A number of elements affect the protein-starch interaction. Increasing protein content in a formula can have a positive effect by strengthening the protein-starch interactions. Increasing the level of gluten or other proteins (but not denatured animal proteins), or use of high-gluten wheat in a formulation, improves water stability. The addition of non-gluten protein, such as soybean meal, has the opposite effect.

High inclusions of oil decrease the bond between starch and protein fractions, but improve the bond between lipids and starch molecules. Therefore, it is very important that the largest amounts of oil be added at the end of the production process, possibly after cooling or drying.

Fiber can also have an effect on protein-starch interactions. A complex chain of carbohydrates, fiber is only digestible to certain micro flora (fungi, and bacteria in the rumen or caecum) and can interfere with the bonding between starch molecules and proteins, or proteins and other proteins.

Fibrous ingredients, depending on particle size, can also have a negative effect on water stability. Large fiber particles not only interfere with protein-to-protein or starch-to-protein cross-linking, but also act as avenues for water penetration into the feed. As wet fibers expand, they can break the integrity of the feed, causing more water to enter.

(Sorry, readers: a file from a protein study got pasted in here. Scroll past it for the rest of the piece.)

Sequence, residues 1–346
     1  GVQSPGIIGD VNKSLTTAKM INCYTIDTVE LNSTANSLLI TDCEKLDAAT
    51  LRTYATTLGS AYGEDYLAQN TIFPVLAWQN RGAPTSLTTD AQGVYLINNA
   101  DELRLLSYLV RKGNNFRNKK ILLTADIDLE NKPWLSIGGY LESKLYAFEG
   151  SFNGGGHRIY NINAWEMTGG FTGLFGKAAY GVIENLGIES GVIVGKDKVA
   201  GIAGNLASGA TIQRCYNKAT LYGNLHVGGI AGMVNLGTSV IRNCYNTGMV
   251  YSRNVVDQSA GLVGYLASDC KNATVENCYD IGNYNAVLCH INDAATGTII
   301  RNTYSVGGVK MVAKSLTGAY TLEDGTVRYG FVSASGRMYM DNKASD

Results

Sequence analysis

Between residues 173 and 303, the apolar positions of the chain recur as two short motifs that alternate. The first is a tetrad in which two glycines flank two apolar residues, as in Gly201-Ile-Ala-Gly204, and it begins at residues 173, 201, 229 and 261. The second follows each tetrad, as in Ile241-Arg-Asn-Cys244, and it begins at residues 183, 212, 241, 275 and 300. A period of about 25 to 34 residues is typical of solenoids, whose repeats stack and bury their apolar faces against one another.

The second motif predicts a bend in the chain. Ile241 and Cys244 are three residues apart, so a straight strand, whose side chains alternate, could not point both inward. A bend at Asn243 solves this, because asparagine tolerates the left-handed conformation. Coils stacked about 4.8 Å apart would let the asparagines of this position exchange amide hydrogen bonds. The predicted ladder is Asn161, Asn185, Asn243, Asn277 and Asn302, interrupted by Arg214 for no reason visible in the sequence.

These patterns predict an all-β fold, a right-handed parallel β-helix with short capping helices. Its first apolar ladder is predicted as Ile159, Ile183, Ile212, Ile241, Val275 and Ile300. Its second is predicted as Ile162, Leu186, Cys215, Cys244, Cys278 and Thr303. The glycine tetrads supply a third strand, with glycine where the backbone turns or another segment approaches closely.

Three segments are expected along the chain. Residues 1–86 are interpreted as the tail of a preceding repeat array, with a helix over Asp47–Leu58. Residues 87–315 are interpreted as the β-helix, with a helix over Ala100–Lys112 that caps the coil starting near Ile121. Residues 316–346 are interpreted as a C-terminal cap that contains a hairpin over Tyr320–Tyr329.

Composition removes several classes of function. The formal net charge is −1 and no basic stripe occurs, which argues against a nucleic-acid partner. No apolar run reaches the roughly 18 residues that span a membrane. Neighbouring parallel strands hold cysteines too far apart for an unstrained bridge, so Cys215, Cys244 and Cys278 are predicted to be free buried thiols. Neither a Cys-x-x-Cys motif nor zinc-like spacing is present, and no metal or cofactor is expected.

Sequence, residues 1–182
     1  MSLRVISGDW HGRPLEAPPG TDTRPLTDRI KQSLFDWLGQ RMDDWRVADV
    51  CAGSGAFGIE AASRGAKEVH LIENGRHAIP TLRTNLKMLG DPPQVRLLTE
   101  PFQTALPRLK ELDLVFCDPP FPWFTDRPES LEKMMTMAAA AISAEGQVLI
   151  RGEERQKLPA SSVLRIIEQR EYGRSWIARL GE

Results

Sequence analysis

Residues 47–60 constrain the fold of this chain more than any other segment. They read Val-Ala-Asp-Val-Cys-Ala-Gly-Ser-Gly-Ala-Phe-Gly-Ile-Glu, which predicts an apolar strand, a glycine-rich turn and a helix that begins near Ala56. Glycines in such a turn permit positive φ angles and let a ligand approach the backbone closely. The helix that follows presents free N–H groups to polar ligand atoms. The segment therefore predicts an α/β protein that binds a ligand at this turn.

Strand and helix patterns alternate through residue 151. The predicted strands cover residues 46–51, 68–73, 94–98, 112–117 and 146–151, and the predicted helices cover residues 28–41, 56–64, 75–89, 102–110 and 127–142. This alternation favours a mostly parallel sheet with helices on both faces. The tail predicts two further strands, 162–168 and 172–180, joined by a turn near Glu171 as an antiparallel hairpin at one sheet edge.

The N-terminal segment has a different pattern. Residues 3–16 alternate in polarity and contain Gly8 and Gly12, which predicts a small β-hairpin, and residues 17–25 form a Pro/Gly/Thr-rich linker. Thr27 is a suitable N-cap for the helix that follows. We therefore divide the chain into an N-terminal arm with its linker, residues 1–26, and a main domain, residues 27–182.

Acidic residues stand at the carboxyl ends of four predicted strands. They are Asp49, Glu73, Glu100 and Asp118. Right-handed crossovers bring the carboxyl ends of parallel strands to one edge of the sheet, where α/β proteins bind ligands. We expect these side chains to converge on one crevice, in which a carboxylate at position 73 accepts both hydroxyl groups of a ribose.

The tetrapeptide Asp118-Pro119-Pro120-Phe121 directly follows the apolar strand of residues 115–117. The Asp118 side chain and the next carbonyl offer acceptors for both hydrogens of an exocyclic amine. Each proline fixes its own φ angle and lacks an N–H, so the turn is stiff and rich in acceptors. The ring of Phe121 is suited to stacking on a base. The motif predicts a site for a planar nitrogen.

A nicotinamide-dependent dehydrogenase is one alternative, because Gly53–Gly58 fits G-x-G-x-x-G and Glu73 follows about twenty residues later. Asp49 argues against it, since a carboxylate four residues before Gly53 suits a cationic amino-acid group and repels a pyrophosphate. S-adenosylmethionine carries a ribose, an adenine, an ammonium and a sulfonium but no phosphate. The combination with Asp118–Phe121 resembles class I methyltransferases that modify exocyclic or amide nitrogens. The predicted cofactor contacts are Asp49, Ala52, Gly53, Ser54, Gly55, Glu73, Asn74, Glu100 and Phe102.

Feed uniformity

A uniform feed is one that is consistent in nutritional value and physical characteristics, including pellet durability, density, and water stability. Feed uniformity starts with quality raw materials. Therefore, ingredients must be purchased based on such standards as digestible nutrient composition, protein solubility, gluten content, starch content) and physical characteristics (particle size and shape, density, etc.). To produce feeds of uniform quality, it is also important to have uniform and consistent manufacturing practices.


Selection of appropriate ingredients is crucial for production of a high-quality aquatic feed. Excessive drying temperature can diminish the digestibility of protein ingredients. Amino acid deficiencies can be avoided through blending of complementary proteins. Fats and carbohydrates are the principal energy sources. Pellet integrity can be achieved through the use of nutritive binders such as starch and native protein.

(Editor’s Note: This article was originally published in the April 2001 print edition of the Global Aquaculture Advocate.)